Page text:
Original URL: http://www.theregister.co.uk/2010/04/19/hp_networking/
HP Networking emerges
ProCurve and 3COM brands to disappear
HP has announced a new HP Networking brand, under it which it will offer an edge-to-core set of sub-brands: the A Series; E Series; V Series; and S Series products. The ProCurve and 3Com brands will go away.
In a webcast today, HP EVP and general manager for enterprise servers, storage and networking David Donatelli said that prior to the 3Com acquisition, HP offered a network edge-centric set of products. It is now in the network core, courtesy of the now-completed 3Com acquisition.
The ProCurve brand will be transitioned into the E Series. The 3Com brand will be transitioned into the A Series, except in China where the H3C brand has done very well and will be retained. There will be a single converged channel programme using the best-of-breed features of the existing 3Com and HP channel programs. Resellers with both HP and Cisco networking products on their books will not be pressured to become HP-only shops. More information will be communicated to resellers within the next couple of weeks.
Donatelli said the A Series is for large enterprises, the E series for mid-sized customers, and the V series for small and medium enterprises. The S Series is for customers with network security needs, and the TippingPoint intrusion-prevention products will be featured there.
He rammed home the point that in 2009 TippingPoint "discovered more vulnerabilities than all its competitors combined. ...[It] leads the industry in vulnerability discovery." The TippingPoint portfolio is being used to expand the HP Secure Advantage product family to deliver proactive threat protection.
Customers see single pane of glass management across the 3Com and ProCurve products and, over time, the underlying code bases will be converged as well. It was pointed out that the 3Com software was already modular and that made things easier.
The HP-Cisco competition is going to be strong. Donatelli said that HP already competes with Cisco's Nexus switch. He also asserted that the A Series 12500 product had twice the perormance of a leading competitor's product but used 50 per cent less power. What 3Com lacked was a global brand and the worldwide services capability and sales channel scope that HP brings to the table. Now 3Com products will be supported by HP's direct sales, 40,000 channel partners, HP services - the second largest services organisation worldwide, we were told - and more than 5,000 network infrastructure and voice professionals worldwide that hold more than 14,000 certifications.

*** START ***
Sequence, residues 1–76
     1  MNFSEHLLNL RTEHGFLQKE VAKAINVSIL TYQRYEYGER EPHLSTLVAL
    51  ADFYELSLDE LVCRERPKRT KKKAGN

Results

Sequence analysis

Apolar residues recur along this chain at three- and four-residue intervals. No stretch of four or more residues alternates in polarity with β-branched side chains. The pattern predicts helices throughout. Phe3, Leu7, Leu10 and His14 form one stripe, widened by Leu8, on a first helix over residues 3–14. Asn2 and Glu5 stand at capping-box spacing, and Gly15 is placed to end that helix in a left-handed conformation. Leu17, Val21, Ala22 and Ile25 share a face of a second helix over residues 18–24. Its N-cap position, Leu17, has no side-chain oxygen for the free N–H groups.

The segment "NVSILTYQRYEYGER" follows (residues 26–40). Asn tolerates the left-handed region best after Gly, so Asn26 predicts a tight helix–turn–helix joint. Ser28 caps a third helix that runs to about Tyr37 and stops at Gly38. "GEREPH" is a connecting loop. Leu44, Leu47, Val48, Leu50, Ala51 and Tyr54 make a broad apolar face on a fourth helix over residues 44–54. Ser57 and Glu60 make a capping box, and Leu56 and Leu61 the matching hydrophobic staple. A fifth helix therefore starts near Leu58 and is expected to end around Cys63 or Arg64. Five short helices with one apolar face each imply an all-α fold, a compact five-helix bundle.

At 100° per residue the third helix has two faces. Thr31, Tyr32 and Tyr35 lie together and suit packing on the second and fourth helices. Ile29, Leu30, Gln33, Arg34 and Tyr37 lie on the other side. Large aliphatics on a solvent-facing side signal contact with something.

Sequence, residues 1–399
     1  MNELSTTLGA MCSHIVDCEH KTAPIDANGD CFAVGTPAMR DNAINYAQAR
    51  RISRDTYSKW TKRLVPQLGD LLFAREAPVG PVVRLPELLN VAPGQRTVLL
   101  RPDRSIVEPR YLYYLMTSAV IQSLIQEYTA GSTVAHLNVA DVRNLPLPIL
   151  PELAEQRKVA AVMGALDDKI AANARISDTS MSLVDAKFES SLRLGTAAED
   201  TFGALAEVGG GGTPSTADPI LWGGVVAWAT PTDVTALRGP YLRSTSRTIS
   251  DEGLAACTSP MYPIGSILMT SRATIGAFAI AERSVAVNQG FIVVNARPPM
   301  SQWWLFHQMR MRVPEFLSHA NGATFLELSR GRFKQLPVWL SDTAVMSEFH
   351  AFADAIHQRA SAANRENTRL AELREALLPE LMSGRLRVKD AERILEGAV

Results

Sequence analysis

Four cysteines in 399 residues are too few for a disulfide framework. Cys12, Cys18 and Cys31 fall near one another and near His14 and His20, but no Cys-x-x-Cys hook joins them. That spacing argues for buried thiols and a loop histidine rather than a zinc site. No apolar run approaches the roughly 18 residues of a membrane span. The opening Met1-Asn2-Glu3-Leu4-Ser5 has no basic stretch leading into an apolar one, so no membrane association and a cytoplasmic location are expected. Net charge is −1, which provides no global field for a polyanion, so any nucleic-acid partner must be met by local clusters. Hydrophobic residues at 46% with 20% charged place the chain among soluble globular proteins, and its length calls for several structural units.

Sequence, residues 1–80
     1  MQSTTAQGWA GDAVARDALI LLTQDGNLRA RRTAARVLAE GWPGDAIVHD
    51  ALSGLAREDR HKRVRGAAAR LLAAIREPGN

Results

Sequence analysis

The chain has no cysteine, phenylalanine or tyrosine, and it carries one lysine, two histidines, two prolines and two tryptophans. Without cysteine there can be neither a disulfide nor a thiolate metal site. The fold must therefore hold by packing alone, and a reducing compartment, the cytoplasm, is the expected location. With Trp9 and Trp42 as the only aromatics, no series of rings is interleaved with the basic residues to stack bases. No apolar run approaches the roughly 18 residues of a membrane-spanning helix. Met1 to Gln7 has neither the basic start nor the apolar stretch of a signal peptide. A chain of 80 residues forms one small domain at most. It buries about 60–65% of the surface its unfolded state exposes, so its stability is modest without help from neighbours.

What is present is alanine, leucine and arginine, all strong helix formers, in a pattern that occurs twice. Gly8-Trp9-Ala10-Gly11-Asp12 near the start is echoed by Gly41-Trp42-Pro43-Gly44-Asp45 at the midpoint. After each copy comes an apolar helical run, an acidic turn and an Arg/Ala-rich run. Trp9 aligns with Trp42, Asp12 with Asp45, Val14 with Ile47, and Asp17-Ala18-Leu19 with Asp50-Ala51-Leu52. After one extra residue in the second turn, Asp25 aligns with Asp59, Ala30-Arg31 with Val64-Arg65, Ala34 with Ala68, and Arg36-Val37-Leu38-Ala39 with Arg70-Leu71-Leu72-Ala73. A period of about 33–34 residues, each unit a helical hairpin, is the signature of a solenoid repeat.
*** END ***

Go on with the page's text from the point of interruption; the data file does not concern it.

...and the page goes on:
The market killing ground is going to be focused on converged infrastructure, which Donatelli described as "the blueprint for the data centre of the future." He pointed out that HP was the only vendor that owned its own server, networking, and storage technologies. Everybody else has to partner for at least one of these technology groups and is therefore, he implied, limited. Despite HP owning its own technologies, customers need not fear lock-in because, it was said, HP uses open standards so customers are free to move to other suppliers' kit.
The technology ownership has limitations. For storage networking specifically, HP believed that partnership was the way to go. Partnership will also be used in the telco market, with Microsoft and Alcatel Lucent featured there.
The 3Com research and development centre in China is regarded as a key asset and will be enhanced with additional investment.
HP Fibre Channel over Ethernet technology is now in beta test and will be deliverable shortly with the intention of helping to converge Fibre Channel and Ethernet networking. This could hinder Brocade and QLogic's fabric switch business through HP, and help QLogic with its FCoE converged network adapter (CNA) business. It is possible that HP could develop its own FCoE branded technology with QLogic component technology involved.
HP said its Virtual Connect technology has been going extremely well and will continue going forward as the place for server aggregation at the edge of the network.
HP Networking will be led by SVP and general manager Marius Haas, and is part of the Enterprise Servers, Storage and Networking business unit led by Donatelli.
HP now sees itself as the networking alternative to Cisco and is going to compete on the basis of having superior technology and services and a lower total cost of ownership, up to 65 per cent lower it claims. Let the marketing battle commence. ®